tweet-patch2.0.5 • Public • Published
Convert plain-text back into twitter-ready markup.
Version 2.0 of this module no longer attempts to locate/use the
data.entities objects from the Twitter API returned data.
It will, however, use the
data.entities.urls array from the Twitter data (if available) to determine if there is a media
url attached to the end of the plain-text tweet by the Twitter API. You can use the
stripTrailingUrl option to remove this
trailing media url if you are serving plain-text tweets without embedded media support.
$ npm install --save tweet-patch
Option 01: Pass in a string with urls, hashtags and user-mentions:
var tweetPatch = ;;
Option 02: Pass in a Twitter Object from the Twitter API:
var tweetPatch = ;const tweetObj =text: '@SomeUser, go check out this #awesome #thing !'entities:urls: ...// ...;
Both examples above would result in the following return string (formatted for readability):
'<a href="https://twitter.com/SomeUser">@SomeUser</a> go, check out this <a href="https://twitter.com/hashtag/awesome">#awesome</a> <a href="https://twitter.com/hashtag/thing">#thing</a> <a href="http://t.co/a01234">http://t.co/a01234</a>!'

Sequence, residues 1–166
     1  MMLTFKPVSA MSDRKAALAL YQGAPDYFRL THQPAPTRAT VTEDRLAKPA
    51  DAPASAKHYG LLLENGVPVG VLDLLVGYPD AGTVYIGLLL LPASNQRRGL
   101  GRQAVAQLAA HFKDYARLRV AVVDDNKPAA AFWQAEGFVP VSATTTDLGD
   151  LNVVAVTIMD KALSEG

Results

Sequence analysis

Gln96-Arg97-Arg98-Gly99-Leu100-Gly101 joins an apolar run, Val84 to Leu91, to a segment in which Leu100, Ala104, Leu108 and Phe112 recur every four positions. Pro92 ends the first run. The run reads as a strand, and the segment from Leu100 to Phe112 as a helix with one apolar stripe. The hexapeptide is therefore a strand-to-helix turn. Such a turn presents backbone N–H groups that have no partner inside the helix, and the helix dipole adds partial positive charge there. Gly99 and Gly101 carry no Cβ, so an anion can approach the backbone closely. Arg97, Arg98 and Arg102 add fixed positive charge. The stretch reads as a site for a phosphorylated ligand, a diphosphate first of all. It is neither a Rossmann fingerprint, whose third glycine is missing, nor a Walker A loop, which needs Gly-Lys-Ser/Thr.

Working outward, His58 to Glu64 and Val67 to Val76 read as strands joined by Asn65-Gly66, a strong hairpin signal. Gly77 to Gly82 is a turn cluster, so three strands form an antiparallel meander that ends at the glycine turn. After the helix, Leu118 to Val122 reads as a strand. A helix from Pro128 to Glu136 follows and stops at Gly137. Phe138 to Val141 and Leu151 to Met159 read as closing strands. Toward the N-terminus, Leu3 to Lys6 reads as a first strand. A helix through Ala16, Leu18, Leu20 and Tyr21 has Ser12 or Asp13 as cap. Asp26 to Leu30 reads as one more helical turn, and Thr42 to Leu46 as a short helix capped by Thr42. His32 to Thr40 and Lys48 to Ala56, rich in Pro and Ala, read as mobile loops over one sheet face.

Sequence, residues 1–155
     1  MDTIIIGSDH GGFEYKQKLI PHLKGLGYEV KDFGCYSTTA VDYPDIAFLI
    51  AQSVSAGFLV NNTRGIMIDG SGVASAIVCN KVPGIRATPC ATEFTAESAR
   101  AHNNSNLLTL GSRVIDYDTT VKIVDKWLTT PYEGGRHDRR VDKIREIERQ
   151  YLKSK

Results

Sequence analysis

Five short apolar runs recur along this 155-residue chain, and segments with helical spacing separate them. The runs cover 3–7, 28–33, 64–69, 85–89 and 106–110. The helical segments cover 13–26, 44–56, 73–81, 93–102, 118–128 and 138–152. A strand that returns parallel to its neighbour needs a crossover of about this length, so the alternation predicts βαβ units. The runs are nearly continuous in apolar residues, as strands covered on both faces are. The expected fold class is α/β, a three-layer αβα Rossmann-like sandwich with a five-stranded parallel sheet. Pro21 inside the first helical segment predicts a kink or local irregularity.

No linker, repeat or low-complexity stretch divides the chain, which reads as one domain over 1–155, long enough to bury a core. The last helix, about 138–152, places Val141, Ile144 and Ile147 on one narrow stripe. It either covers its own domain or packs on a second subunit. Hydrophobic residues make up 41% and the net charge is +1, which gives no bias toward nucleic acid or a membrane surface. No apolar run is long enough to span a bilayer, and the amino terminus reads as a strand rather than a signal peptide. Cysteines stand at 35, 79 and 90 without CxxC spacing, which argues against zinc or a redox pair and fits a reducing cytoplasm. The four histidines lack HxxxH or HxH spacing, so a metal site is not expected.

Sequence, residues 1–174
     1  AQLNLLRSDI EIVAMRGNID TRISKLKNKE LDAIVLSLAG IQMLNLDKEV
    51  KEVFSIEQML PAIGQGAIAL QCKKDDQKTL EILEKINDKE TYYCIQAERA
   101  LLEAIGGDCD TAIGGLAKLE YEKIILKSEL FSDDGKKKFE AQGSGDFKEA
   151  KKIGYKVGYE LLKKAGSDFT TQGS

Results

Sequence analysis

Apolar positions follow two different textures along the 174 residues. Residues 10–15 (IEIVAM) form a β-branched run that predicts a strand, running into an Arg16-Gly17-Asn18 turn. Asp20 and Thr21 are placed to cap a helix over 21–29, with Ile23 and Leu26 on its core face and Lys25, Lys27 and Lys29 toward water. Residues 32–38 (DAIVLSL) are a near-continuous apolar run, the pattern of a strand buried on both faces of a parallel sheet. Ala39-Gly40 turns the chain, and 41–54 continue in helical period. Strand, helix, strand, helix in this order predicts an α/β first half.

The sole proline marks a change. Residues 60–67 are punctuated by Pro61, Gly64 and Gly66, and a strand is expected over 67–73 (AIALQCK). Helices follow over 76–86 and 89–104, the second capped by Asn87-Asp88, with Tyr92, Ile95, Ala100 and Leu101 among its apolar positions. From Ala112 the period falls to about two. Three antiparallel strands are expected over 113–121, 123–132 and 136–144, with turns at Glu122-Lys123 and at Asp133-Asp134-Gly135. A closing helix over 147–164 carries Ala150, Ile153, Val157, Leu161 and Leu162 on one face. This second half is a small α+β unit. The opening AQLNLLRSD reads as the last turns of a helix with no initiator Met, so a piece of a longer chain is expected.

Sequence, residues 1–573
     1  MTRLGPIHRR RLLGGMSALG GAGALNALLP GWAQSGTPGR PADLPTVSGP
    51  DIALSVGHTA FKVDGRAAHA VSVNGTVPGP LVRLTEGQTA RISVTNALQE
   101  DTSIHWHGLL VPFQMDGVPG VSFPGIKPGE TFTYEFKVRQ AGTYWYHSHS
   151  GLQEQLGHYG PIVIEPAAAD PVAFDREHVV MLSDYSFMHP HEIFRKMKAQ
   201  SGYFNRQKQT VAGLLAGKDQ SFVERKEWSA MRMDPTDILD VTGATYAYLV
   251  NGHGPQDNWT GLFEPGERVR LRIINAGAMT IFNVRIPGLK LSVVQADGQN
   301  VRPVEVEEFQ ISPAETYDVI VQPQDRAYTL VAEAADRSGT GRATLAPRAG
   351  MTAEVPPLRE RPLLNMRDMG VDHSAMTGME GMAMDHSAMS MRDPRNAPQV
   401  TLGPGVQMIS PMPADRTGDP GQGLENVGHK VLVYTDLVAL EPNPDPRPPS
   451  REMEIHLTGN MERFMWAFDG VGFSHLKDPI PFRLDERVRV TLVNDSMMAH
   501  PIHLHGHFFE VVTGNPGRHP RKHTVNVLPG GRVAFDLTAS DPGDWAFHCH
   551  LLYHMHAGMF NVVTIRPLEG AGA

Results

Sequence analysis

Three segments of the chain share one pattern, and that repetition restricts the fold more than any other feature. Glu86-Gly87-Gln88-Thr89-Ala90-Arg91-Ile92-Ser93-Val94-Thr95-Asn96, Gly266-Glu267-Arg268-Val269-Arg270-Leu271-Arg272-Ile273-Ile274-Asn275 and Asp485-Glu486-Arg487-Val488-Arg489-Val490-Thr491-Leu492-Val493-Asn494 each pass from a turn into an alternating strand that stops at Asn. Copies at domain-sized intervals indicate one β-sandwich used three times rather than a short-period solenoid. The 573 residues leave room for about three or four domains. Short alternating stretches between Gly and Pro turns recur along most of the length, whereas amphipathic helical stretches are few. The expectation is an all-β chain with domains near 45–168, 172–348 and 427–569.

The tweet object returned from the Twitter API, or a string containing hashtags, urls and user-mentions.
Pass in an object and the key:value pairs will be assigned to the anchor tags that are created (uses obj-to-property-string). Pass in a string, and that string will be assigned to the url anchor tags as-is.
// Using an object;//=> '<a href="">#hi</a> <a href="" class="myClass"></a>'// Using a string;//=> '<a href="">#hi</a> <a href="" class="myClass"></a>'
This is only used if you have supplied a data object returned from the Twitter API, and that object has the
property. The reason for this is because we only want to strip the trailing media url if you are serving plain-text tweets,
(no media support) and you want to clean up the tweet text. This option only works when you have supplied a Tweet object with
entities.urls property to ensure that we aren't deleting actual urls put there by the tweet author.
This is only used if you have supplied a data object returned from the Twitter API, and the Twitter API has supplied
html property on that object for you.
- Some tweets will be formatted in a way that makes it impossible to accurately parse the data. For example, if a url is
typed inside of parenthesis:
(http://t.co/foo)tweet-patch will see the closing parenthesis as part of the url. For more information, see issue #8.
MIT @ Michael Wuergler